16. Tell someone they are loved. This one is a bonus! My friend is in his mid-eighties. He often stops strangers in the grocery store to ask them if anyone has told them they love them. Then he says, "Now you have, I love you." Maybe this is one of the special privileges of being elderly. Give it a try.
© 2009 Carolyn Augustine
Carolyn Augustine (author) from Iowa on January 05, 2012:
Thanks sagecarter, that sounds like something I would enjoy reading. I hope your Christmas was peaceful this year!
sagecarter from Upstate New York on December 27, 2011:
Some great ideas here! I just wrote something on beating the post-Christmas blues, with a few similar suggestions. Nice piece.
Carolyn Augustine (author) from Iowa on November 24, 2010:
Thanks very much writer83. Merry Christmas and enjoy your concert!
writer83 from Cyber Space on November 24, 2010:
wannabwestern, i like your ways and I need to agree with Patty that watching Free Concert during Christmas is really cool. I actually love doing it. Every Christmas you will see a lot of people smiling and it makes me feel that we have a wonderful world :)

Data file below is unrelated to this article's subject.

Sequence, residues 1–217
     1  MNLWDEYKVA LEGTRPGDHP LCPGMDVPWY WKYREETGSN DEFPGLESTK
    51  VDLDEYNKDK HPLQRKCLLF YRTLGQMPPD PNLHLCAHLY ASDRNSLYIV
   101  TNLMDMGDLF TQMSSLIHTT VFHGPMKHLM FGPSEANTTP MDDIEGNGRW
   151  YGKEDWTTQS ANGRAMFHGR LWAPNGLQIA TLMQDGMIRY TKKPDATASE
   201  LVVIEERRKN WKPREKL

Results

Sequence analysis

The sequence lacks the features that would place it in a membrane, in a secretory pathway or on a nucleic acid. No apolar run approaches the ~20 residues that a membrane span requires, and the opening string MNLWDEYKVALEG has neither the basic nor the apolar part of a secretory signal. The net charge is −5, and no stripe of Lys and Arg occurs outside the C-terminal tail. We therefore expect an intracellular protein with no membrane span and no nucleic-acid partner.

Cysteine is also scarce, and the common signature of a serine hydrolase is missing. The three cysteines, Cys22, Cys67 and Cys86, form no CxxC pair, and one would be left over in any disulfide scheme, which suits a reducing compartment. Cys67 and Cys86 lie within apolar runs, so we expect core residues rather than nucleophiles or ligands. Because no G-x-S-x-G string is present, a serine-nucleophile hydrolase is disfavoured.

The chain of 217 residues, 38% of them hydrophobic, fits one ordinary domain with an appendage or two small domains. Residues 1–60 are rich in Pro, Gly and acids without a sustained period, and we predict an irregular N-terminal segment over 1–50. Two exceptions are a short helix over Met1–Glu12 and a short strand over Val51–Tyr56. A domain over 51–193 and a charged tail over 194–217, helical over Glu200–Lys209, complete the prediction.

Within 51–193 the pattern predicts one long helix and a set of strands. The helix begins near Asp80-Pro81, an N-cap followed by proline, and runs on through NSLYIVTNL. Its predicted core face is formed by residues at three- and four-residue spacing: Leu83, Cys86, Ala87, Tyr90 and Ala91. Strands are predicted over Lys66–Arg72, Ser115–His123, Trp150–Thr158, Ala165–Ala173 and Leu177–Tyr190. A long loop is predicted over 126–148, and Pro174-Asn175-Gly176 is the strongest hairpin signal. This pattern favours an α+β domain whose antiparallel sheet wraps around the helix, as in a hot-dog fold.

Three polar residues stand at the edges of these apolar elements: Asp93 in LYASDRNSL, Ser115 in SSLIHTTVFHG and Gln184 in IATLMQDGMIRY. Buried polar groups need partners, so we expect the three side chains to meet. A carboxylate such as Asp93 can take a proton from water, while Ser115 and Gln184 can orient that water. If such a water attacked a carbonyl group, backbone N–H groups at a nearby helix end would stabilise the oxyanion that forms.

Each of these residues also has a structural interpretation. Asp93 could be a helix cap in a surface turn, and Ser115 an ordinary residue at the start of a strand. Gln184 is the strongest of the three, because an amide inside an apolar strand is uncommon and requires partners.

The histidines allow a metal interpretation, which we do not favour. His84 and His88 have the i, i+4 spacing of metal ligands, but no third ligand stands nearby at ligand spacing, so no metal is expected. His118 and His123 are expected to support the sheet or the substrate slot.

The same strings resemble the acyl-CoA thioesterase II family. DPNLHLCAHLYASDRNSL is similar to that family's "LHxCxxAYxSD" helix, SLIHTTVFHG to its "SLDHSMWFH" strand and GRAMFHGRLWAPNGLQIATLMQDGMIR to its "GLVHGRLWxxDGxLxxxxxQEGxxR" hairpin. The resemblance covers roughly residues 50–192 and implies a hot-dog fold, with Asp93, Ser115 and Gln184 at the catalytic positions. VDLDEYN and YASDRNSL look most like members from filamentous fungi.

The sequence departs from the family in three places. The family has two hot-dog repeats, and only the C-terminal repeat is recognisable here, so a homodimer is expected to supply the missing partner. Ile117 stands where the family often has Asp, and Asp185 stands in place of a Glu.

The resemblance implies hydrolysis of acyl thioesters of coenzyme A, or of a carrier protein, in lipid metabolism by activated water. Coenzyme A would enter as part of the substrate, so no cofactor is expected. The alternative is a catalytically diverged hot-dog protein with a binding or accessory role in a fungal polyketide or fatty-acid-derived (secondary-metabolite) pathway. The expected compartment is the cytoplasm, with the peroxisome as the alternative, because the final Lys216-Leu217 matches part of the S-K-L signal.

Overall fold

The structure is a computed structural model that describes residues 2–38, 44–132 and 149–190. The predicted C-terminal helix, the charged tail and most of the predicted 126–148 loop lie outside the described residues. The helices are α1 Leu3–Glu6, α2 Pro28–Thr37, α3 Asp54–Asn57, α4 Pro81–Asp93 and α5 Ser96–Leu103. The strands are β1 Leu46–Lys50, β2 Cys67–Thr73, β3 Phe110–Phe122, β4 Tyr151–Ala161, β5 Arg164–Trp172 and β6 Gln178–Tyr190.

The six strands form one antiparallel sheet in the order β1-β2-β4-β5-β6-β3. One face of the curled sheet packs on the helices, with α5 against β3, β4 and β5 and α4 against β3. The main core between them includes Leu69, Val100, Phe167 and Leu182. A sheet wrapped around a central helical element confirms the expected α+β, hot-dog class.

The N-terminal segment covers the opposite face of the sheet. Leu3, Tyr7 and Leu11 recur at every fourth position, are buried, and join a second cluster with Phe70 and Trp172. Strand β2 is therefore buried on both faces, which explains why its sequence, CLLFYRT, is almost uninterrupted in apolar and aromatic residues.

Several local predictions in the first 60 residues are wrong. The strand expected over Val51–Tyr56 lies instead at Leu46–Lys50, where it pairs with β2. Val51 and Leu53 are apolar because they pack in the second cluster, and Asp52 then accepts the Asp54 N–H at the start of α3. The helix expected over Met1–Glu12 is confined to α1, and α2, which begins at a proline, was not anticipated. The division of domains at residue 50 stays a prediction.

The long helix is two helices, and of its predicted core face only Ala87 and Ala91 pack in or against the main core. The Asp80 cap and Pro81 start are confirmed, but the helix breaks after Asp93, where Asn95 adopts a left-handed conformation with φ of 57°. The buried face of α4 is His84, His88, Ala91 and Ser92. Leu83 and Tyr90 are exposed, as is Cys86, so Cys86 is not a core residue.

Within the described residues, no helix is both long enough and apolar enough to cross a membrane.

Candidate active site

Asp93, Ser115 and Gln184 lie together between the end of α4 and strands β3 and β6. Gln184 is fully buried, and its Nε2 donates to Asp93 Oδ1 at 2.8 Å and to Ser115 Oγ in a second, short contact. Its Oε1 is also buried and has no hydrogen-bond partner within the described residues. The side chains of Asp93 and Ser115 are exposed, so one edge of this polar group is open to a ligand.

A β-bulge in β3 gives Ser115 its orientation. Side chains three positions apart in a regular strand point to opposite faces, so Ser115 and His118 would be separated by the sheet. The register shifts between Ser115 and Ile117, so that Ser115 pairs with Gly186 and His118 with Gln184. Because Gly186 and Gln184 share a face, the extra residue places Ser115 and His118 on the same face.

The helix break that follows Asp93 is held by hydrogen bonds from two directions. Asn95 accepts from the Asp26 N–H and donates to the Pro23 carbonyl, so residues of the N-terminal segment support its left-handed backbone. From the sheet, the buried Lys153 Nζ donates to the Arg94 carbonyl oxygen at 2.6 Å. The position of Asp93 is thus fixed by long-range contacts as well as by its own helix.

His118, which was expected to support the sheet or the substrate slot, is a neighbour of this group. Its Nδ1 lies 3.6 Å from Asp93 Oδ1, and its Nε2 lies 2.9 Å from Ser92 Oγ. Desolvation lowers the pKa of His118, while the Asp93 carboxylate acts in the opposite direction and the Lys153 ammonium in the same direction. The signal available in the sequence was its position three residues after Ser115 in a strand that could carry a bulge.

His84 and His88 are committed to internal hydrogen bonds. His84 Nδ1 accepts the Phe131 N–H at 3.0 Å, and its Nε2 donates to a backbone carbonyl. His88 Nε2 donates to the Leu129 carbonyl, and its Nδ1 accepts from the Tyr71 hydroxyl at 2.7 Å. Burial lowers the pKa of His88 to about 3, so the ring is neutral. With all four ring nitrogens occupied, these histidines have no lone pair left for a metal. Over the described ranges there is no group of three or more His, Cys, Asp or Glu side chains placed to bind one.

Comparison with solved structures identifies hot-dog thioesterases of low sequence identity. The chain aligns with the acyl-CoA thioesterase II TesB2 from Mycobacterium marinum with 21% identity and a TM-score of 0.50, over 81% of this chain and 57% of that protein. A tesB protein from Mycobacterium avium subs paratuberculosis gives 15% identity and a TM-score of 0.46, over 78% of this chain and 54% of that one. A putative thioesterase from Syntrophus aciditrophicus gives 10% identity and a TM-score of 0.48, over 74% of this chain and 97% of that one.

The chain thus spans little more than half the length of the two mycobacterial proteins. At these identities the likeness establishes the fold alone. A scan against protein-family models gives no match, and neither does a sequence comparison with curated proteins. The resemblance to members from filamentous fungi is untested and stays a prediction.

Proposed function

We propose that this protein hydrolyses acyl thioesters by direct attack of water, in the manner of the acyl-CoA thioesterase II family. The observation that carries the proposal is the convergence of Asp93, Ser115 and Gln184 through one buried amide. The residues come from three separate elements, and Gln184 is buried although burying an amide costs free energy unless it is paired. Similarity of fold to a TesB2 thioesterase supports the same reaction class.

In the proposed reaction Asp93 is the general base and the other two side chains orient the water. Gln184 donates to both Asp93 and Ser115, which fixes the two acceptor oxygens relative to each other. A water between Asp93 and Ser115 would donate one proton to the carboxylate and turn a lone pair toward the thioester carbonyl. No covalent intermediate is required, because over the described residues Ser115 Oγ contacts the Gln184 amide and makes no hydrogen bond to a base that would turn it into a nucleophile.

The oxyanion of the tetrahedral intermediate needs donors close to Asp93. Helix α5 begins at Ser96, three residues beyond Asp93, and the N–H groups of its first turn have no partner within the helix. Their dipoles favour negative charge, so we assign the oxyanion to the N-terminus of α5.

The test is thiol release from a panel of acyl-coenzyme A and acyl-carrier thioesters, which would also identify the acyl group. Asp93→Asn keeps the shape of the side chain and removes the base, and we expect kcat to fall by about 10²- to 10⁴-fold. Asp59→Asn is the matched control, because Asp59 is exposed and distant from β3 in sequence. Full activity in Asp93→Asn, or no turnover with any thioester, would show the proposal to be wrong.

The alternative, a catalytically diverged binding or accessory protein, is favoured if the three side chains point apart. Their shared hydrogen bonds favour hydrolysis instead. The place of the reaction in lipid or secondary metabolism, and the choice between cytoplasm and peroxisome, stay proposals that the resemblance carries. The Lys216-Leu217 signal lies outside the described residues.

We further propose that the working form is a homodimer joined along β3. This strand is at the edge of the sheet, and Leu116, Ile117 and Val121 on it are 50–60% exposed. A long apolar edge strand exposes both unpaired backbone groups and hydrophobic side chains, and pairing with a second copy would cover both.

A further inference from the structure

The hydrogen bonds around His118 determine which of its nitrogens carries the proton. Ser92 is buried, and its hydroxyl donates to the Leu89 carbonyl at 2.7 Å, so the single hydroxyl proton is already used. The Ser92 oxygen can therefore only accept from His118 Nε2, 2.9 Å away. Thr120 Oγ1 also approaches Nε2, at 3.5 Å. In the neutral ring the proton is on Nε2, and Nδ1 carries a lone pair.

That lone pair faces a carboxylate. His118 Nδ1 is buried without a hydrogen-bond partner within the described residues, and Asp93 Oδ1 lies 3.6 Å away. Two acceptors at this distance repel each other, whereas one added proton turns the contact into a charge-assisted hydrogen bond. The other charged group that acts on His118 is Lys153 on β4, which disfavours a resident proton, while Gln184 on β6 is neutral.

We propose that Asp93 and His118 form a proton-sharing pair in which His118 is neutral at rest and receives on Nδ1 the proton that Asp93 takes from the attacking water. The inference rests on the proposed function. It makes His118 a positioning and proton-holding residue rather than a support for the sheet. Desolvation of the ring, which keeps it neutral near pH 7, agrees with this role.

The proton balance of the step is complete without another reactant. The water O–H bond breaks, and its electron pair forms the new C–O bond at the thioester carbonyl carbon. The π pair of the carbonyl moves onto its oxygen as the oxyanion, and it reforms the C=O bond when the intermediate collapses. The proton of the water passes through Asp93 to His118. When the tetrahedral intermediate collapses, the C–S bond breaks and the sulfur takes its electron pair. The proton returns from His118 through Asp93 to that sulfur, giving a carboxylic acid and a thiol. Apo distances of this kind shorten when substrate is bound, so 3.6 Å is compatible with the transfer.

Carolyn Augustine (author) from Iowa on August 28, 2010:
Thanks Train Set, we love Christmas but some years it has been more difficult to get into the holiday spirit than others. I think Midnight Masses are a lovely Christmas tradition too. Thanks for your comment!
Train Set on August 27, 2010:
There are some nice ideas here on what to do over the christmas break to enhance the experience and to make it more special. We always try to decorate the house and spend plenty of time with family. Although not the most religious of people I have been to a couple of midnight masses that are lovely occasions that focus on the (as you say) symbolic and human aspects of what christmas is about. Just to add that is an incredibly beautiful photo at the top of the page with the snowbound field and old barn.
Carolyn Augustine (author) from Iowa on August 02, 2009:
Thank you Patty. Musical performances showcase some of the best of religions. I have attended a variety of faiths too and enjoyed them all.
Patty Inglish MS from USA and Asgardia, the First Space Nation on August 01, 2009:
Free concerts are great at Christmas time, no matter how one feels! And I like to visit a variety of religious services and interact with people form other faiths and demoninations. We have a Ukrainian/Serbian Othodox church with candlelight services and many small bells, Greek Orthodox, a variety of synagogues of the Jewish faith celebrating Hannakah, and music and performances by people of all other types of religions as well.